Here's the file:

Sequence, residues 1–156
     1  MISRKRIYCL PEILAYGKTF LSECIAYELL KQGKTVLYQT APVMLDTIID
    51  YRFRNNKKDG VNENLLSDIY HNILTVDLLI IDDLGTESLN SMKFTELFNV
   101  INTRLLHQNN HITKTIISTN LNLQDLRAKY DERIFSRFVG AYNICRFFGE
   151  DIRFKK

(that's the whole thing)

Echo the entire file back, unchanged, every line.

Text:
Sequence, residues 1–156
     1  MISRKRIYCL PEILAYGKTF LSECIAYELL KQGKTVLYQT APVMLDTIID
    51  YRFRNNKKDG VNENLLSDIY HNILTVDLLI IDDLGTESLN SMKFTELFNV
   101  INTRLLHQNN HITKTIISTN LNLQDLRAKY DERIFSRFVG AYNICRFFGE
   151  DIRFKK